Will Alternative Finance Options Erode Middle Market Credit Facilities? Post 3


Middle Market companies play a vital role in most countries. In the U.S., middle market companies (defined as having annual sales between $50 million to $500 million) represent close to 56,000 companies and support 16.5 million jobs, including many high value positions in the professional services sector.

While there is no one way these companies are financed, many use asset based lenders, factors, commercial finance companies, debt markets if they are large enough and of course banks.

Working capital for the middle market is a huge issue for them just like any other segment.  Now, more of these companies have alternative business finance options that provide some form of adhoc and transactional finance.

Right now we are early days with alternative business finance.  Many in the banking and Asset Based Lending and factoring world do not fully understand the dynamic of companies securing revolving credit facilities versus having their large buyers provider early pay options. Are those options nice for adhoc finance and quarter end window dressing needs, or can companies now start to look at those options for medium and long-term planning?

On the flip side, many of these middle market companies have not implemented invoice automation, supplier portals, and finance options themselves, and this is a market many vendors like Cedar Technologies, Billtrust, Emagia, Bottomline and others are targeting.  The focus here is to reduce DSO for clients and accelerate time to present invoice and apply cash.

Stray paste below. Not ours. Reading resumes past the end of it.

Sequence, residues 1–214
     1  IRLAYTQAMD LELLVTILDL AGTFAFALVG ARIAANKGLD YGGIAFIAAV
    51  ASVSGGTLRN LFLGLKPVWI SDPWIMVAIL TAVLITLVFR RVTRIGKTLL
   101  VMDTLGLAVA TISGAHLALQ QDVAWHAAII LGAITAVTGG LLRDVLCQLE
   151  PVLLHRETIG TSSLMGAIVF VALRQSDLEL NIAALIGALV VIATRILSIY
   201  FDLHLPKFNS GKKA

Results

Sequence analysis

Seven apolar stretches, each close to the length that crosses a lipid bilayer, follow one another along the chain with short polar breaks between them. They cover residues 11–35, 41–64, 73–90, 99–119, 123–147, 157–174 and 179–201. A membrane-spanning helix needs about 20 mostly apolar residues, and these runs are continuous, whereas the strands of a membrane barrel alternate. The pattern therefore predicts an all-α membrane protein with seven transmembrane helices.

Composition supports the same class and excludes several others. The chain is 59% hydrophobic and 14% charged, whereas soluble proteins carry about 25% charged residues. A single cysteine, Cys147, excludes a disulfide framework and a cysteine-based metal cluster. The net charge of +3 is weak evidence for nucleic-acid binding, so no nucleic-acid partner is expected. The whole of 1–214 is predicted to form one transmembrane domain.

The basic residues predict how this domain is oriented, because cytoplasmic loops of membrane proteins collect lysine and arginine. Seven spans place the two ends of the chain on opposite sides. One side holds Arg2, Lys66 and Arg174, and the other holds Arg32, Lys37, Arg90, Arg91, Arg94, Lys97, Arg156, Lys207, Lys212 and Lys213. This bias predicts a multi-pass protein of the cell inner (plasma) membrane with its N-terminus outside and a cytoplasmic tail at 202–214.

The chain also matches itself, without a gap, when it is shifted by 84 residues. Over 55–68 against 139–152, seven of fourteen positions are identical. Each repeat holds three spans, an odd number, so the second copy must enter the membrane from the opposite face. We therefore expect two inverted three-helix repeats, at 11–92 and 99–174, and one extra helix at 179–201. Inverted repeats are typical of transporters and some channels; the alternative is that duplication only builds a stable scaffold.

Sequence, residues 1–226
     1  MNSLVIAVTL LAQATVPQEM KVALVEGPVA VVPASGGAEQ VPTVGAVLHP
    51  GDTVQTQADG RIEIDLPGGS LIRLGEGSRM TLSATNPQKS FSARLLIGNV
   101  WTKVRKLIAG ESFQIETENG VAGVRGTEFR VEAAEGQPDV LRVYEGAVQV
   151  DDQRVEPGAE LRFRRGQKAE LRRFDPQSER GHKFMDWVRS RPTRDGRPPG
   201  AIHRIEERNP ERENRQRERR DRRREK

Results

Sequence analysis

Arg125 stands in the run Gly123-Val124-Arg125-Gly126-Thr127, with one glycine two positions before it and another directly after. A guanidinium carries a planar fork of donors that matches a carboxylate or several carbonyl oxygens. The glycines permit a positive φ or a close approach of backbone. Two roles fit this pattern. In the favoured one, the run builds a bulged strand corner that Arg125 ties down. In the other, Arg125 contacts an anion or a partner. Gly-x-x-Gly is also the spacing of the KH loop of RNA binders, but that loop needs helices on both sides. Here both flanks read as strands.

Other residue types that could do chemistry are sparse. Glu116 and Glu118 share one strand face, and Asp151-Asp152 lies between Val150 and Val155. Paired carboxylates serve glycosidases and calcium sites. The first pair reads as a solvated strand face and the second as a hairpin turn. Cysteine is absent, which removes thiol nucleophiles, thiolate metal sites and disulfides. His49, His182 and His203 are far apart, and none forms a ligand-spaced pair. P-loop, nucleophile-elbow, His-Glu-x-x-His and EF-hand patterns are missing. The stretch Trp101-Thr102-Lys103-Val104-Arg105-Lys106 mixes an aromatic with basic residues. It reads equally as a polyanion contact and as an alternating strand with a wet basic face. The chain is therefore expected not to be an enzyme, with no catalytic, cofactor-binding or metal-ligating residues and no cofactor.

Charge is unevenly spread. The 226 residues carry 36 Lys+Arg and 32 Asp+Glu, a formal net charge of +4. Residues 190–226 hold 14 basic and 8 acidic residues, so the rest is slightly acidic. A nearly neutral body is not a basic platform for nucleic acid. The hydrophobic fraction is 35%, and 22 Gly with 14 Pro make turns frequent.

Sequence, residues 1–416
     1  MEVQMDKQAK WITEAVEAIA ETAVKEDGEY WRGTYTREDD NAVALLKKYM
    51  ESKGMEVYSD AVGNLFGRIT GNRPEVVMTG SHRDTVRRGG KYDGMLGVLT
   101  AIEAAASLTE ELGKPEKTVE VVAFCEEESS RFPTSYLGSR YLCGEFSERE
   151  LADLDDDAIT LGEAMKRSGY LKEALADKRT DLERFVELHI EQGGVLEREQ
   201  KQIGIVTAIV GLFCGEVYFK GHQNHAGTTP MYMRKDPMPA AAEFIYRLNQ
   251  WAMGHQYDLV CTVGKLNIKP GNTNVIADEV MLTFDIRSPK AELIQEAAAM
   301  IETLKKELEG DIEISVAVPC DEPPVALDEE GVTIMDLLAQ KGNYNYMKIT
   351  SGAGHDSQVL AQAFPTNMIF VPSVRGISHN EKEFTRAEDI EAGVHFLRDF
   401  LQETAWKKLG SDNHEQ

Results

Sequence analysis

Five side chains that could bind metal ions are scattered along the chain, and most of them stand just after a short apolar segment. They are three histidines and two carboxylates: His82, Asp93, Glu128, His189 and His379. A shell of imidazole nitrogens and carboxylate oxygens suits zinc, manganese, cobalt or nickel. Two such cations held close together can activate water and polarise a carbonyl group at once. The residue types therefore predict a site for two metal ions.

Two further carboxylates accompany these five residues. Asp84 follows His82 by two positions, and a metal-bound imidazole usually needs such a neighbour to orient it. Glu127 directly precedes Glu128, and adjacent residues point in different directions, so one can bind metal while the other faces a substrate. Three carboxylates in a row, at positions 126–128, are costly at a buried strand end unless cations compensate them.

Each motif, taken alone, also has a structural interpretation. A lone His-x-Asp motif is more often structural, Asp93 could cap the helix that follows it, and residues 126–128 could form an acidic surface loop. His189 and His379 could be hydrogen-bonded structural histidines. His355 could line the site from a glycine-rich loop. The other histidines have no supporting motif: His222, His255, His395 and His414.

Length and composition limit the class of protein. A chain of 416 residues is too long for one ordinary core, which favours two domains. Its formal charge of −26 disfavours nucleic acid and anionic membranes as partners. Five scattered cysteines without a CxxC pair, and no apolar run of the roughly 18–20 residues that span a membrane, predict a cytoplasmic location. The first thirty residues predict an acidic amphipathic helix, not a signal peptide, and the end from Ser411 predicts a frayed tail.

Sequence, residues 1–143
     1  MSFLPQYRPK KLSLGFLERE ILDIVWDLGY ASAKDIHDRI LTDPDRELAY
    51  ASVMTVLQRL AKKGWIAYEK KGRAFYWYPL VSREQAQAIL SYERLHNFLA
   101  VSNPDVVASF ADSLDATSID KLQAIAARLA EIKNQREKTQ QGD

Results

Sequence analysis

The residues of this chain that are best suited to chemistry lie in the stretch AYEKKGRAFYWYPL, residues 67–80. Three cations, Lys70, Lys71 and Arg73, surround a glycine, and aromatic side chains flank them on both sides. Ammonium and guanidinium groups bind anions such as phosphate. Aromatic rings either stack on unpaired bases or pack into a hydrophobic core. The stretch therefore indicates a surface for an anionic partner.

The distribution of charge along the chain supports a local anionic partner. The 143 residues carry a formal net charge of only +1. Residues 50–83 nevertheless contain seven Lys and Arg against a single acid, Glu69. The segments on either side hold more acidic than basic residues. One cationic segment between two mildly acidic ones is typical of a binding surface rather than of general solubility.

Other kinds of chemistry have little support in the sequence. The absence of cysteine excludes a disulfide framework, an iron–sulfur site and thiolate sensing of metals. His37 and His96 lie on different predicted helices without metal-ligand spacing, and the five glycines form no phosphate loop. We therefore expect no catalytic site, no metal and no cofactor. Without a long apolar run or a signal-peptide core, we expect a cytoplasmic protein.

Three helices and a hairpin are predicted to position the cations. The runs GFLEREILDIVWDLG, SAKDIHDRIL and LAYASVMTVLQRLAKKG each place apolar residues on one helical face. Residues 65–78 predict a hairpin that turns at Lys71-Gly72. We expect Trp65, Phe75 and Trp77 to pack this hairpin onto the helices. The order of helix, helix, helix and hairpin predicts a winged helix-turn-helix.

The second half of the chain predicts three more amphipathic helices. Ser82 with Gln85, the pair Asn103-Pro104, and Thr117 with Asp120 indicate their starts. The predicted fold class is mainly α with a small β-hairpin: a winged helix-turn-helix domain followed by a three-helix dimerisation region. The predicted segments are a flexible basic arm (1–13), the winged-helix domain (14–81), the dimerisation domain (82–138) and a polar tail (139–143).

As it relates to early pay, this is probably the segment that is being impacted by many of the different options out there – pcards, supply chain finance (maybe), dynamic discounting, invoice auctions, C2FO, etc. A looming issue appears to be large enterprises are requiring multiple platforms via supply chain finance, einvoicing and pcards to enable both self management and or early pay access. So imagine if one of these middle market companies wants to tap into 4 or 5 of their large buyers programs – it becomes a real management issue.

Still, this market is relatively untapped and represents a huge opportunity.  What we lack is a better  understanding of the decision criteria for using alternative business finance techniques versus traditional methods by the middle market.

If you are interested in learning more about an upcoming study on this topic, please contact me at dgustin at tradefinancingmatters.com  I will be interviewing and surveying middle market companies to explore these issues much deeper.

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